Find a Word for It ...
TUMAINI
They killed the women who resisted them, by cutting their throats and throwing them in a mass grave. Sometimes, they pushed those who were still alive into the grave and threw boiling water on them, or burned them alive.
VOICEOVER
The conflict in Eastern Congo started after the Rwandan genocide, in 1994. Fleeing revenge from the new Tutsi government, nearly a million Rwandan Hutus crossed over to Eastern Congo. Among them were the Hutu militias, called the Interahamwe, who had taken part in the genocide. In 1998, the Congo was reeling from a year-long civil war. The Interahamwe joined other militias fighting for territory and mineral resources. This conflict escalated into a full-blown war, drawing in armies from eight surrounding countries. Underlying it all was a struggle for control of the minerals such as gold and diamonds. A peace agreement was signed in late 2002, but despite the presence of the biggest United Nations peacekeeping force in the world, the plethora of armed groups carried on fighting. For Alexandra Bilak, who works for an organization funded by Swedish churches specializing in conflict resolution, this anarchy is at the root of the brutality.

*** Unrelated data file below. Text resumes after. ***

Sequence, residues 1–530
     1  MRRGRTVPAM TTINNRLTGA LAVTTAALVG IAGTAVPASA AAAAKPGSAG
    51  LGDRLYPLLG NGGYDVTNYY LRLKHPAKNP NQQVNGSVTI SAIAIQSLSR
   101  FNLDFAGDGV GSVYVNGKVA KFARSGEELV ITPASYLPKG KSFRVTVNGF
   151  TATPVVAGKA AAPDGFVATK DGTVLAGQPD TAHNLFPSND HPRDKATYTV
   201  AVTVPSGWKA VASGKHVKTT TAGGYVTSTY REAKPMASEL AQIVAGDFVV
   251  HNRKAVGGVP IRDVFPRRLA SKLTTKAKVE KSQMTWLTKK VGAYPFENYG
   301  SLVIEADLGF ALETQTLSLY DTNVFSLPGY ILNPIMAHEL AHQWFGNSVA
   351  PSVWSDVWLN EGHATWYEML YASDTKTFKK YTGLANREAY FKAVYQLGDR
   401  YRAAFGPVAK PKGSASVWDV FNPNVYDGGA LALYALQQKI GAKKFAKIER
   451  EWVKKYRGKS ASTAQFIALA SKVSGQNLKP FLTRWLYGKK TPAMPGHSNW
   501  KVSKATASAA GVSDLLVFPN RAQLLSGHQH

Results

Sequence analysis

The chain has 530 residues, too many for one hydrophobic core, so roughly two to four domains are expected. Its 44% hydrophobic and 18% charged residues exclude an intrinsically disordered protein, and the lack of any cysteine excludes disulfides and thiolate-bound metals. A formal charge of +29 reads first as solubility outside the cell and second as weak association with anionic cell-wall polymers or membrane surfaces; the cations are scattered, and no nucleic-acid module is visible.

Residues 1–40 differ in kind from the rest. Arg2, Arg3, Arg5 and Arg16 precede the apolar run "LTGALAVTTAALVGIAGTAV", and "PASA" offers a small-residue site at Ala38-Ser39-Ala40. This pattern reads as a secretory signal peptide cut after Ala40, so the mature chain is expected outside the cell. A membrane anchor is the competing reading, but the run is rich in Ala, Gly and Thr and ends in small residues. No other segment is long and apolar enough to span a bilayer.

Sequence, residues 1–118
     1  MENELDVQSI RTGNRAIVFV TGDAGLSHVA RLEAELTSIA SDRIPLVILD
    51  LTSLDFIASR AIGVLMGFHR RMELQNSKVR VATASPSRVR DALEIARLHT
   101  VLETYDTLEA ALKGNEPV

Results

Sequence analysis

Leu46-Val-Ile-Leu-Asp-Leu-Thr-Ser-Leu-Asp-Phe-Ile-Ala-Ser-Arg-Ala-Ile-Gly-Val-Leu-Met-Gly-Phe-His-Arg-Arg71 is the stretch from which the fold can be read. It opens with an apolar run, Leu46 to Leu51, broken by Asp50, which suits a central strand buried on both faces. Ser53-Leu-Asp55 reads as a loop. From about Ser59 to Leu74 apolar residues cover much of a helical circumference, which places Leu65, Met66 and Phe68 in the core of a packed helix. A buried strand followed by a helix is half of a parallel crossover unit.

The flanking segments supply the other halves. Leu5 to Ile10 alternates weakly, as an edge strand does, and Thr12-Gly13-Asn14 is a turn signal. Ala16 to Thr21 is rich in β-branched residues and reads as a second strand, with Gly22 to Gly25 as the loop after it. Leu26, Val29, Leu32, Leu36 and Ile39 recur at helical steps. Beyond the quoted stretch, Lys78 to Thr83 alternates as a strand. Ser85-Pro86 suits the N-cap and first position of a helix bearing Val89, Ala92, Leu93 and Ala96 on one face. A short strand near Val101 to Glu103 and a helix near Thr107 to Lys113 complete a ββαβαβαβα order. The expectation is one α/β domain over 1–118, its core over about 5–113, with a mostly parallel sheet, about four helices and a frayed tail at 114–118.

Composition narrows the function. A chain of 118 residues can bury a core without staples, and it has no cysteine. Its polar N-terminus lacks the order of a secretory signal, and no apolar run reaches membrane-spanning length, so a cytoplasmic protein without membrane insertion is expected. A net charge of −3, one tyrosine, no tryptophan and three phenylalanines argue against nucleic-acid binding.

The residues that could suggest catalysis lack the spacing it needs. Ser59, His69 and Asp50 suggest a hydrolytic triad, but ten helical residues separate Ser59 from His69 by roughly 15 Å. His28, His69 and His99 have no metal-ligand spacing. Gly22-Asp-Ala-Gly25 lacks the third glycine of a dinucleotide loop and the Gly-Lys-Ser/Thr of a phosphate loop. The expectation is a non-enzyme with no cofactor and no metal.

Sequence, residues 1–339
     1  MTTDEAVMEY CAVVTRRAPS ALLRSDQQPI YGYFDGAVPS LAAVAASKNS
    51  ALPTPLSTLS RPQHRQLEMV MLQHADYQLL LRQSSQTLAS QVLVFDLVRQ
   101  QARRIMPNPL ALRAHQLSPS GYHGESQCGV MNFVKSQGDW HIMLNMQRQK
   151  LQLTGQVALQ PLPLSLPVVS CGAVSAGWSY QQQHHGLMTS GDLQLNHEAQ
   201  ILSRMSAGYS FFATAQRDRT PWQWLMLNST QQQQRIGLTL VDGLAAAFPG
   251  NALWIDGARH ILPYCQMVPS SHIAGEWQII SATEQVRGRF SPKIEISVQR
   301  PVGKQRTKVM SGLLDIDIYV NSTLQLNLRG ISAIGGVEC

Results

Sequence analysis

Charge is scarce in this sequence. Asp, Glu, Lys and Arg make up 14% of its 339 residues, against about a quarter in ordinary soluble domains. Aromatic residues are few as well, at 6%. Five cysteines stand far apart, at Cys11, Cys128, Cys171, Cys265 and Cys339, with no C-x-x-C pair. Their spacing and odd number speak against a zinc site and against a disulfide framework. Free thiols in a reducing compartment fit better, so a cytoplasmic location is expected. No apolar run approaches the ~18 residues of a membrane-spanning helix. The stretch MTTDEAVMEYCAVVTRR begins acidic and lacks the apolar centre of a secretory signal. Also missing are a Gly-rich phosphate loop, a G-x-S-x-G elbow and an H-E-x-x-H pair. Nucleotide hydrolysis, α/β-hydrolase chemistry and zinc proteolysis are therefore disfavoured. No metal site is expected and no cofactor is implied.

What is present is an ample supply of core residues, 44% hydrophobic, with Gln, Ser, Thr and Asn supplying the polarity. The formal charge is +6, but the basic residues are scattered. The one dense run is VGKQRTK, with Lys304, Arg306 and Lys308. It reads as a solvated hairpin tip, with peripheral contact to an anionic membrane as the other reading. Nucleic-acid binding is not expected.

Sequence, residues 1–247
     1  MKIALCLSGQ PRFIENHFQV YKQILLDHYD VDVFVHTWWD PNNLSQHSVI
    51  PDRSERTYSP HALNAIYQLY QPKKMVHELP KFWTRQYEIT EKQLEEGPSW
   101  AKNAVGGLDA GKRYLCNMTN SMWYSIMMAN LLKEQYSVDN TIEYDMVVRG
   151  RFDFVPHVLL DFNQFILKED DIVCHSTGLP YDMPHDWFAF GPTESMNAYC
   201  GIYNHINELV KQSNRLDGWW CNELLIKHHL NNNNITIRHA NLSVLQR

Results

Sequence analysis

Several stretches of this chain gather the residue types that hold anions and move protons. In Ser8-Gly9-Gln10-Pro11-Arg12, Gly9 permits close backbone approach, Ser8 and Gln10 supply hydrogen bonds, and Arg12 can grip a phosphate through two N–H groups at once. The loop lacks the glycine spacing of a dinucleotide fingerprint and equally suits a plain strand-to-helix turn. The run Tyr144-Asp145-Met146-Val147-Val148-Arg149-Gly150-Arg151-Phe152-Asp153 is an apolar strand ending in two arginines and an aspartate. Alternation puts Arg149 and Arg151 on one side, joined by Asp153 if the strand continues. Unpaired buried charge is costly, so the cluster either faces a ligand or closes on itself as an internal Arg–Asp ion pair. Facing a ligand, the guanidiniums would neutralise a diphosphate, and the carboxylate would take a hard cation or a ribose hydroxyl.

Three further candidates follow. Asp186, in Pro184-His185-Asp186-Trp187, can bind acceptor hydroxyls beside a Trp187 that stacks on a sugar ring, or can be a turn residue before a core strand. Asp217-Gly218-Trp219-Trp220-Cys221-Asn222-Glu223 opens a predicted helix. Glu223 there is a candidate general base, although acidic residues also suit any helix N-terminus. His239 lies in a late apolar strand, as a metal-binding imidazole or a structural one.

ALEXANDRA BILAK [Life and Peace Institute]
The absence of a state in Congo leaves an economic, political, judicial, and social void everywhere. This leaves the door open to unspeakable violence. I mean complete impunity.
VOICEOVER
In Eastern Congo, the South Kivu province was one of the hardest hit by the war. In 2004, Bukavu, the [provincial] capital, was the scene of fighting between the men of Rwanda-backed dissidents Colonel [Jules] Mutebutsi and General [Laurent] Nkunda, and the Congolese army. At the time, the German aid agency GTZ [Deutsche Gesellschaft für Technische Zusammenarbeit] reported "countless victims of rape." The victims ranged from one-year-old babies to 80-year-old women. GTZ put us in touch with 55-year-old Honorata Kizende. Eight years ago, Honorata, who is from a town in South Kivu, was a teacher and mother of five. But disaster struck in October 2001. While she was in the market, she was abducted by Rwandan Hutu militias. She says her life then became a nightmare of sexual slavery.
HONORATA KIZENDE
I was everybody's woman and nobody's woman. Whoever wanted to satisfy his sexual needs came on us. Sometimes they would shout "Food! Food!" We thought maybe they were bringing us food. But unfortunately, it was not food. It was us, the women, who were their "food."